Indonesian National Maritime Day!

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It must be mentioned that Indonesia, the biggest archipelagic nation in the world, has weaker naval capabilities than its neighboring countries such as Singapore, Thailand and Vietnam. Naval modernization has encountered some challenges: limited resources, ill-equipped infrastructure, and outdated defense research facility.

And to spread awareness to Indonesian people that they have a big potential for their maritime. In Indonesia we celebrate our National Maritime Day every 23 September. 

There has been a misconception about the National Maritime Day celebration date, some people think that there are 2 versions of celebrating National Maritime Day: 21 August and 23 September. Talking about the history of National Maritime Day, the commemoration began with the inauguration of the Indonesian Navy by President Soekarno, then continued with the determination of the Djuanda Declaration.

With Indonesian territory being 75% sea, Coordinating Minister for Maritime Affairs Luhut Binsar Pandjaitan emphasized that the Indonesian people must again see the sea as a great potential to bring prosperity.

According to him, this potential is wanted to be developed more broadly by the current government. “We have made a lot of changes, made policies to make this sea productive, to become land for the wealth of Indonesian people’s lives,” he explained seriously. Among these policies, the Coordinating Minister Luhut continued, there is a policy regarding the sea toll road. Namely a barrier-free shipping lane that connects ports throughout Indonesia.

Furthermore, the former Coordinating Minister for Political, Legal and Security Affairs also mentioned the government’s achievements in other maritime sectors. “We are solving the problem of illegal fishing, of course there is still a continuation of how we can catch more fish and can be processed more,” he explained. He admitted that the government still has a lot of work to do to be able to make policies and implement work programs that can make tens of millions of Indonesians who depend on the marine sector for their lives more prosperous.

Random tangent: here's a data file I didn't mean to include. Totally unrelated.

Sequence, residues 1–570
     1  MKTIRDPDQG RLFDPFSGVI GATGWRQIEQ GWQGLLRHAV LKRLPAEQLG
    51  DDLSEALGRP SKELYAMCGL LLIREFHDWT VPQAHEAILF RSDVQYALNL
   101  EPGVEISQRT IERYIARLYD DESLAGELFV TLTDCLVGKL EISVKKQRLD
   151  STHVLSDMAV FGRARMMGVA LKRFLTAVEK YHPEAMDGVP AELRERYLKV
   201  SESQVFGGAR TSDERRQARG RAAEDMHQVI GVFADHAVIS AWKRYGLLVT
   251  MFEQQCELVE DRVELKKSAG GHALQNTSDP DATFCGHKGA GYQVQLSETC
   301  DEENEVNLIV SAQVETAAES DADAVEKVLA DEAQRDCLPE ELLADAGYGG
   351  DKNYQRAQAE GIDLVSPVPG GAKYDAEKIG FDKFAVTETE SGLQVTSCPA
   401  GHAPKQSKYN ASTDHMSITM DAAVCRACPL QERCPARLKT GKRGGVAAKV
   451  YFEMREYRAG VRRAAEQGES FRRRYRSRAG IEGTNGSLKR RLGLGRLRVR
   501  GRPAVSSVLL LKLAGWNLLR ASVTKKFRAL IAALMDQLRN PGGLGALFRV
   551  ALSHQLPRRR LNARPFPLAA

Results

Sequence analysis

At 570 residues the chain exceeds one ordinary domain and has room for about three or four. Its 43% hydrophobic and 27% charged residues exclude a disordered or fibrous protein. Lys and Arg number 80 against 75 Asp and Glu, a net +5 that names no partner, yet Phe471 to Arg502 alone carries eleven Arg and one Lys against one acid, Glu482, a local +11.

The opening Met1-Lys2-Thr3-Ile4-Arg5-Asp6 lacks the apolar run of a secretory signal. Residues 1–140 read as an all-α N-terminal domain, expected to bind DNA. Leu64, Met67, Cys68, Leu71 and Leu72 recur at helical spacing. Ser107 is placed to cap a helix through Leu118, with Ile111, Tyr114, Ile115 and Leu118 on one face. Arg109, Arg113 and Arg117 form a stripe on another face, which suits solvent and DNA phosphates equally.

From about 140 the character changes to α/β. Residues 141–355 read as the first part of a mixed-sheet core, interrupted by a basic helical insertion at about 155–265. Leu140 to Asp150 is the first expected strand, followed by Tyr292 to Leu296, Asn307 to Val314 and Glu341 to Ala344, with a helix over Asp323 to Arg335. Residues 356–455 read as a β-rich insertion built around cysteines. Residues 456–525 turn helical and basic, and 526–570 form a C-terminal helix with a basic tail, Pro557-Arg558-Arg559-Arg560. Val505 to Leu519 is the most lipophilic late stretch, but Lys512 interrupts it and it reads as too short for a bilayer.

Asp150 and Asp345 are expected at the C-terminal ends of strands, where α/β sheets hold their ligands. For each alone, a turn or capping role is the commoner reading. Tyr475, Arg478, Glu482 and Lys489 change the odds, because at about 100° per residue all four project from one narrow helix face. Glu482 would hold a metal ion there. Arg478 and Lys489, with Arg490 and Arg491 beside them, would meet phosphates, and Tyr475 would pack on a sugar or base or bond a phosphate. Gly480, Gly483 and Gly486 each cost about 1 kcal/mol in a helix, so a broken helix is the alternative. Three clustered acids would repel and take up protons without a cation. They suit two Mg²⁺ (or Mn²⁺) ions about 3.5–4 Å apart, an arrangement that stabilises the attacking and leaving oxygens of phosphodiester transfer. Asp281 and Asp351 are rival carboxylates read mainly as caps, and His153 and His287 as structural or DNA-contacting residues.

Then, in the energy sector, according to him, development is now better. “Freeport has been able to return to Indonesia’s hands,” said the Coordinating Minister proudly. Then regarding the procurement of 35 thousand MW of electricity, according to him, it is on the right track. “I see it can go well. Yes, of course, it will only be finished later in 2019, only about 23-25 thousand MW, later the rest is already in the development process,” he explained.

For the first time now, maritime security found wide coverage in Indonesia’s electoral debates. Since the debates, there has been a surge in popular discourse related to Indonesia’s vision. Experts and practitioners have offered various interpretations of Jokowi’s newly-floated maritime doctrine, such as “the revival of Indonesia’s archipelagic identity,” “a new hope for national maritime awakening,” and “a call for united Indonesia.”

Current President Jokowi’s ambitious maritime vision faces equally powerful challenges, which are structural and deep-rooted. Modernizing an under-fed, under-equipped and under-resourced navy will require considerable political will and support, a huge amount of financial resources, technical know-how, dedicated modern research facilities, and a robust national debate to support such a mammoth task.


Written by: Nevy Pangestika

Source: Kominfo,

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